1966 Sandy – Ronny and the Daytonas
Bill Justis worked for Sun Records in the early to mid-fifties, arranging music for many of their artists. After leaving Sun, he had a number two single with Raunchy in 1957. Bill moved to Nashville in 1961 and became a successful producer.
formed a group with Paul Jensen, Lee Kraft, Thomas Ramey, and Lynn Williams. John performed with the name Ronny Dayton and the group became Ronny and the Daytonas.
John “Bucky” Wilkin was a singer, songwriter, and guitar player. His mother was Marijohn Wilkin, a successful Country music songwriter. She worked with Bill to form Buckhorn Music. Bill produced a session with John in 1964 to record a song he had written as a senior in a physics class. Using Nashville studio musicians, they recorded Little G.T.O.
He told John to come up with a group name, and John named himself Ronny Dayton and tacked on The Daytonas as his imaginary backup group. They signed with Mala Records, a sub-label of Bell Records, to release the single.
The single reached #4 on the Hot 100 in 1964 and sold over a million copies. They added Paul Jensen, Lee Kraft, Thomas Ramey, and Lynn Williams as members of the Daytonas, recorded a complete album, and toured the country to promote their record.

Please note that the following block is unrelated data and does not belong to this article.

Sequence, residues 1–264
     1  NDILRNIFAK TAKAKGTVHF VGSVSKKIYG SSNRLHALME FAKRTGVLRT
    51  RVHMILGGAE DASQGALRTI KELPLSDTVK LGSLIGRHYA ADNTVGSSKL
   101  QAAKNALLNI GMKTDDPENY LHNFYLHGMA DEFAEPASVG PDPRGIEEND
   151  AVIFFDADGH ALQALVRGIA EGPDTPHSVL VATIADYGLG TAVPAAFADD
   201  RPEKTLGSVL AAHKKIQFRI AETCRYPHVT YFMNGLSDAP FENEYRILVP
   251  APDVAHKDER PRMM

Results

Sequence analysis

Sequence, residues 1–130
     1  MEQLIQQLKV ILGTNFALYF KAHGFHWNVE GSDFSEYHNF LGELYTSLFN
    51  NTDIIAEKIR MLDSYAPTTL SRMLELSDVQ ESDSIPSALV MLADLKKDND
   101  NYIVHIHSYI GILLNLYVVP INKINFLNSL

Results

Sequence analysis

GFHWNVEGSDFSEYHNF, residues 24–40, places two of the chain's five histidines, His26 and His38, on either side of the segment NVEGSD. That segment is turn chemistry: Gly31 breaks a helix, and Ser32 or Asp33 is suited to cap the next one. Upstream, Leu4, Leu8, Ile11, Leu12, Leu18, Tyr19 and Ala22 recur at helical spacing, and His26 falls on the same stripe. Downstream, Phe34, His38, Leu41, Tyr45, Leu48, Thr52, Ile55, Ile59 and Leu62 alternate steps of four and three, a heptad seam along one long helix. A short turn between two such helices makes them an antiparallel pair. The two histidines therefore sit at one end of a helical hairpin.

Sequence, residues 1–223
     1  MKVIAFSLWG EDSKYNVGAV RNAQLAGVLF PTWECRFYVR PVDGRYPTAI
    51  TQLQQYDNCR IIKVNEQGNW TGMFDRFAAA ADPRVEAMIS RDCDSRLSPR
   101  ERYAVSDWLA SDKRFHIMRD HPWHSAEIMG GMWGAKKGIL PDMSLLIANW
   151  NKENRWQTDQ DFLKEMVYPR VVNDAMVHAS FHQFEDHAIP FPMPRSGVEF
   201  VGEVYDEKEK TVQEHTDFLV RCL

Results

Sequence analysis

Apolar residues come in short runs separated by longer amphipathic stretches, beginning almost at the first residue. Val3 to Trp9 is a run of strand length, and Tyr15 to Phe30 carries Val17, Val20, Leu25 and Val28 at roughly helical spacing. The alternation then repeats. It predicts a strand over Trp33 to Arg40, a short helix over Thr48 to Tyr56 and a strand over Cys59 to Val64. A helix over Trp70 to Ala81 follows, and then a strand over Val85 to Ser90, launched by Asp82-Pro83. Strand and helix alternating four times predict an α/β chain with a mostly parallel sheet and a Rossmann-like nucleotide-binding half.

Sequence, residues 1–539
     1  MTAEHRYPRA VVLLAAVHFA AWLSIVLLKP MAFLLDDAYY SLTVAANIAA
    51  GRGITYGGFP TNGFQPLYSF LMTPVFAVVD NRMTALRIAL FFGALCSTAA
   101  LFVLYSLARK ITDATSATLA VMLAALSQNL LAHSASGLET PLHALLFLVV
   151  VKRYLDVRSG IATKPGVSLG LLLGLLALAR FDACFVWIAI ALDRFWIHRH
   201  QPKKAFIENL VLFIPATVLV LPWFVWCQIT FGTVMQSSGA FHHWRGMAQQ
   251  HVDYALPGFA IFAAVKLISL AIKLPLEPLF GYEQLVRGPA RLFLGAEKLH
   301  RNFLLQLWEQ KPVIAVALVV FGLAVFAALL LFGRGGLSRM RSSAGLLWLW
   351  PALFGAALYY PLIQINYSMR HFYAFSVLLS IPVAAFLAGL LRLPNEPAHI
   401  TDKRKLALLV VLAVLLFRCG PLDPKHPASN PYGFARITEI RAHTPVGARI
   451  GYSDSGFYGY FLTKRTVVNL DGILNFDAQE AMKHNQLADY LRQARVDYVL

Their next single (California Bound) stalled at #74. They turned their sights back to putting out another song that was clearly about a car.
Jan and Dean released Bucket T on a 1964 album, a song written by Jan and Roger Christiansen. They did not release the song on a single until they put it on the b-side of Batman in 1966. Ronny and the Daytonas covered the song as their third single and it peaked at #54 in early 1965.
A surprise cover of the song came from The Who in 1966.
In 1965, Buzz Cason joined the group and he and Ronny wrote some new songs together for the Daytonas’ second album, Sandy. The title single, which was about a girl rather than a car, broke into the charts in December and peaked at #27 on the Hot 100 in early 1966.
The group released at least nine more singles, but never found their way back to the top forty on the Hot 100 again. The group disbanded by 1968, although a few members reunited to appear in oldies shows beginning in the eighties.
Ronny remained in the Nashville area and found work as a session guitarist on Country and pop records in the seventies, most notably on Outlaw Country albums by Waylon Jennings and Kris Kristofferson.
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